The reckless driving statute states that, “Beginning October 31, 2010, a person who operates a vehicle in violation of subsection (2) and by the operation of that vehicle causes the death of another person is guilty of a felony punishable by imprisonment for not more than 15 years or a fine of not less than $ 2,500.00 or more than $ 10,000.00, or both.” Reckless driving causing death carries the same penalties as an OWI causing death, but the prosecutor must prove beyond a reasonable doubt that the person was intentionally driving with wilful and wanton disregard for the safety of others.
A moving violation causing death is a misdemeanor punishable by imprisonment for not more than 1 year or a fine of not more than $ 2,000.00, or both. This is a lesser included offense to reckless driving causing death, but the statute states that, “In a prosecution [for reckless driving resulting in death] the jury shall not be instructed regarding the crime of moving violation causing death.” This issue is currently on appeal with the Michigan Supreme Court, which will decide whether the legislature can prevent a court from providing an instruction on a lesser included offense.
The distinction between these two offenses will inevitably become blurred by prosecutors. It is a civil infraction to run a red light, for example, but it is reckless if the driver intentionally runs a red light on a dare. Grey areas immediately come to mind with this example. What if a man is sleepy and runs a red light? Is that reckless driving or a civil infraction? What if a woman is distracted by children arguing in the back seat and intentionally turns her head to yell at them?
The civil infraction causing death is particularly offensive because "failure to stop within an assured clear distance" is a civil infraction. "Failure to stop within an assured clear distance" is legalese for "a motorist was involved in an accident." This means that, by virtue of being involved in an accident, a motorist may be said to have committed the underlying civil infraction that "cause" a death. This is absurd because, unlike its predecessor statute, it does not necessarily require that the prosecutor prove beyond a reasonable doubt that the driver was negligent.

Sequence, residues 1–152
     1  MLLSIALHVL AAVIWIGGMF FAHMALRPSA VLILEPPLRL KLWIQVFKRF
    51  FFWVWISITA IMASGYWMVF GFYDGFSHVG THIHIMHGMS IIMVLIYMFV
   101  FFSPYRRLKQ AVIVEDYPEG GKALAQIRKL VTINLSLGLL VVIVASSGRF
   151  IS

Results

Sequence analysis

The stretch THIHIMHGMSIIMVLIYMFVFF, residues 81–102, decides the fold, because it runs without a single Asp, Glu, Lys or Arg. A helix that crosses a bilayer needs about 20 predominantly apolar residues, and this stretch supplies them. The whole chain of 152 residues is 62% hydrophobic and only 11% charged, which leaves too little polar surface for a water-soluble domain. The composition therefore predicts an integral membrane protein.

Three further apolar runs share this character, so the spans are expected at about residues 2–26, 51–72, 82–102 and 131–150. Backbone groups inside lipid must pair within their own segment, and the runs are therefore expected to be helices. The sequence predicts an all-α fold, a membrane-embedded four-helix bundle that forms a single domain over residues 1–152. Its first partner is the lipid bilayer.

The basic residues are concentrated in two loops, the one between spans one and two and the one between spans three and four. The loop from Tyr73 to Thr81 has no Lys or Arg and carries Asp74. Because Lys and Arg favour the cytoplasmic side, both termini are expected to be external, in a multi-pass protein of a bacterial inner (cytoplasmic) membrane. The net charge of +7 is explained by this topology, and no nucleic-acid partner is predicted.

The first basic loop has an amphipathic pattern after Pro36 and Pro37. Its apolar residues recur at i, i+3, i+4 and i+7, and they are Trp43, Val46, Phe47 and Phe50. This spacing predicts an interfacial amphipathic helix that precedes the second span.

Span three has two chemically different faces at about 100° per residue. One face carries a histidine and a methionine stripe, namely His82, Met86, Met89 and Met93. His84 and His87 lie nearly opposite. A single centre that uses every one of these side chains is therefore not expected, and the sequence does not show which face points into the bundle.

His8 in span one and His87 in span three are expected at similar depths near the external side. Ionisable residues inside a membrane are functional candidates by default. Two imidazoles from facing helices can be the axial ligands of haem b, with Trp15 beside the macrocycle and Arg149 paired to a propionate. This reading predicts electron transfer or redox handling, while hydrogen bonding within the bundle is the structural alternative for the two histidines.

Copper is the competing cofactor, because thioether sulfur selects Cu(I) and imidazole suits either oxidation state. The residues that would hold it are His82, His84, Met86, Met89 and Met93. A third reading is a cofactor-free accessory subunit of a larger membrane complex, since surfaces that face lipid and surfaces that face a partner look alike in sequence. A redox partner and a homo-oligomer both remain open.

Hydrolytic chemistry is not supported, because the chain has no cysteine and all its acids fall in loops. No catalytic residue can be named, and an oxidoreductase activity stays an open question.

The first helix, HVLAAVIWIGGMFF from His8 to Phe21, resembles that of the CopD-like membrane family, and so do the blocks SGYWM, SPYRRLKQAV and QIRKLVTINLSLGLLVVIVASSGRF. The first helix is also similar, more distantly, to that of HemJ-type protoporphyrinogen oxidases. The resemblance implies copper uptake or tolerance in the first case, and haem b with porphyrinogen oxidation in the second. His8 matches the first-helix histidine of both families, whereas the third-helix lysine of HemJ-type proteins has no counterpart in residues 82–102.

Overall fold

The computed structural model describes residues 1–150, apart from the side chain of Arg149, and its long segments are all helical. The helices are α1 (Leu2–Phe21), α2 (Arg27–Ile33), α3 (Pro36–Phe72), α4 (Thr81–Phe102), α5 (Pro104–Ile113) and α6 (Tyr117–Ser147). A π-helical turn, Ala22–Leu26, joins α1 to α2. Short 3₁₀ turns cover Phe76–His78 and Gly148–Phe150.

Most Michigan jurors will approach these cases with common sense, but few licensed drivers actually know the technical rules of the road. For example, in a case where the deceased ran a flashing red light, prosecutors can still charge the motorist who had the yellow light because the statute regulating traffic control devices states that, "Flashing yellow (caution signal). When a yellow lens is illuminated with rapid intermittent flashes, drivers of vehicles may proceed through the intersection or past the signal only with caution." Despite this statutory language, police officers will stop anyone who slows down or stops for a flashing yellow light late at night for suspicion of drunk driving because it is unusual. And traveling through a green light? The statute states that "Vehicular traffic, including vehicles turning right or left, shall yield the right-of-way to other vehicles and to pedestrians and bicyclists lawfully within the intersection or an adjacent crosswalk at the time the signal is exhibited." The prosecutor gets to decide whether the other vehicle was lawfully within the intersection, which means that a jury trial might be required even when a decedent runs a red light opposed by a green light. And what about extraneous rules, such as driving in the fast lane? Statutory language requires a motorist to be in the slowest lane of travel unless overtaking other vehicles.